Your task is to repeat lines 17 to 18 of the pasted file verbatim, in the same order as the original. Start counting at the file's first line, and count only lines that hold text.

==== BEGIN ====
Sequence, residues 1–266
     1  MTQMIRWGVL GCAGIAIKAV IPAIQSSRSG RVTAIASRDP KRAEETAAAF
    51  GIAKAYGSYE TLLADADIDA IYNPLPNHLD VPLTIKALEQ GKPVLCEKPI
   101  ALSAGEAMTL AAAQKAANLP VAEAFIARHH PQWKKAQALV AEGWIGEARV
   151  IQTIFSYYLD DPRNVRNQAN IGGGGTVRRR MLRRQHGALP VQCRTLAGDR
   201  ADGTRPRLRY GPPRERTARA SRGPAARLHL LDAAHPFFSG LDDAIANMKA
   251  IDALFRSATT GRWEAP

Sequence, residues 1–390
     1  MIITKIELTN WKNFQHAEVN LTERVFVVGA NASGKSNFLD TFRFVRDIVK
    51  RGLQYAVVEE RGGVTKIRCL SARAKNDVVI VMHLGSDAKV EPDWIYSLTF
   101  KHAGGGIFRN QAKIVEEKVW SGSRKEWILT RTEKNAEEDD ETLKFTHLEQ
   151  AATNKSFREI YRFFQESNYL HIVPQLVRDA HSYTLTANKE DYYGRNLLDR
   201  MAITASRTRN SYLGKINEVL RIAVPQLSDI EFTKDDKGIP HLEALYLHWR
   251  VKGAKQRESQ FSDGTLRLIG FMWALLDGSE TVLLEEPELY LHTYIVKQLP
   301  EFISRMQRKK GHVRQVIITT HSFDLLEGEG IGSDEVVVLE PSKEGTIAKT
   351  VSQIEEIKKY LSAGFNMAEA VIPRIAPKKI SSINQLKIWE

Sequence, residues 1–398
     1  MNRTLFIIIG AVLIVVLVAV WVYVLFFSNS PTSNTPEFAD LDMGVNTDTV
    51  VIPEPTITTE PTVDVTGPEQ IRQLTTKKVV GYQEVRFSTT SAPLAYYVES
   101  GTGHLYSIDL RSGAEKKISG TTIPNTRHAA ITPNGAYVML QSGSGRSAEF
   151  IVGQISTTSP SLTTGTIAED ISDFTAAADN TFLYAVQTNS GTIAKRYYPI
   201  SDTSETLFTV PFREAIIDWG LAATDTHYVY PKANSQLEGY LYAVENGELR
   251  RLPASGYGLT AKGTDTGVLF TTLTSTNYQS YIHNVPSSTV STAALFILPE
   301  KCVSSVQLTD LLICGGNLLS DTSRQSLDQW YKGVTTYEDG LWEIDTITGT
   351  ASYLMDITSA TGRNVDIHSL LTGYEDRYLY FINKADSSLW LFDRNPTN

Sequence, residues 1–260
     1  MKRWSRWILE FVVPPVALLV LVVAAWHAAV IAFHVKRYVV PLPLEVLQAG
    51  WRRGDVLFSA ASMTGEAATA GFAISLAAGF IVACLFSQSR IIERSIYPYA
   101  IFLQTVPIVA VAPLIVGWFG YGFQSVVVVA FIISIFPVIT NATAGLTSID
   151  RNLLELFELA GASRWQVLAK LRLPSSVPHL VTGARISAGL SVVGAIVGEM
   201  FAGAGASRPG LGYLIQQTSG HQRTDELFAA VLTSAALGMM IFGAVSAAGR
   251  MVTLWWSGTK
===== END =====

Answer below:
Sequence, residues 1–398
     1  MNRTLFIIIG AVLIVVLVAV WVYVLFFSNS PTSNTPEFAD LDMGVNTDTV